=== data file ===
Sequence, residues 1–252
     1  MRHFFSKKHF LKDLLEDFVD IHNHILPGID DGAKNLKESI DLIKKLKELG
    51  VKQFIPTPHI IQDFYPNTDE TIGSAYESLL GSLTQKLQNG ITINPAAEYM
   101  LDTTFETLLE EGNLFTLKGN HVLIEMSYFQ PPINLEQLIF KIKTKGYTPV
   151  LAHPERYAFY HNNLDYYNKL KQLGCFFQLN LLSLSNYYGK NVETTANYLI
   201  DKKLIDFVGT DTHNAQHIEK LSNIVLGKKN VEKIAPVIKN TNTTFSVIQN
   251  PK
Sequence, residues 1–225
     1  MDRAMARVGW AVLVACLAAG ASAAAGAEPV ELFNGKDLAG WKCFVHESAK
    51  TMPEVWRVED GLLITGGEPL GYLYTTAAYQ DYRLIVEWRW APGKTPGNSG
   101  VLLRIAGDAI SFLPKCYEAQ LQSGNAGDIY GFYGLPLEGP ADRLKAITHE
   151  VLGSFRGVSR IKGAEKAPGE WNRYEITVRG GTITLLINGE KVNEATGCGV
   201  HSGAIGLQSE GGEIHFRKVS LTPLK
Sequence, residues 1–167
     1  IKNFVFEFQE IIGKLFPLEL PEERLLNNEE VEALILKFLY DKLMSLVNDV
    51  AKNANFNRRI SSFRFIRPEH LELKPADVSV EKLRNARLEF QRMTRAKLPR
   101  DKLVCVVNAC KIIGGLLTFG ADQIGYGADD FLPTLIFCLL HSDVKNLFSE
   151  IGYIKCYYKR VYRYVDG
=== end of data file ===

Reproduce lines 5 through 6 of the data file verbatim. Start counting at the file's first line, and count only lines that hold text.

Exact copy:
   151  LAHPERYAFY HNNLDYYNKL KQLGCFFQLN LLSLSNYYGK NVETTANYLI
   201  DKKLIDFVGT DTHNAQHIEK LSNIVLGKKN VEKIAPVIKN TNTTFSVIQN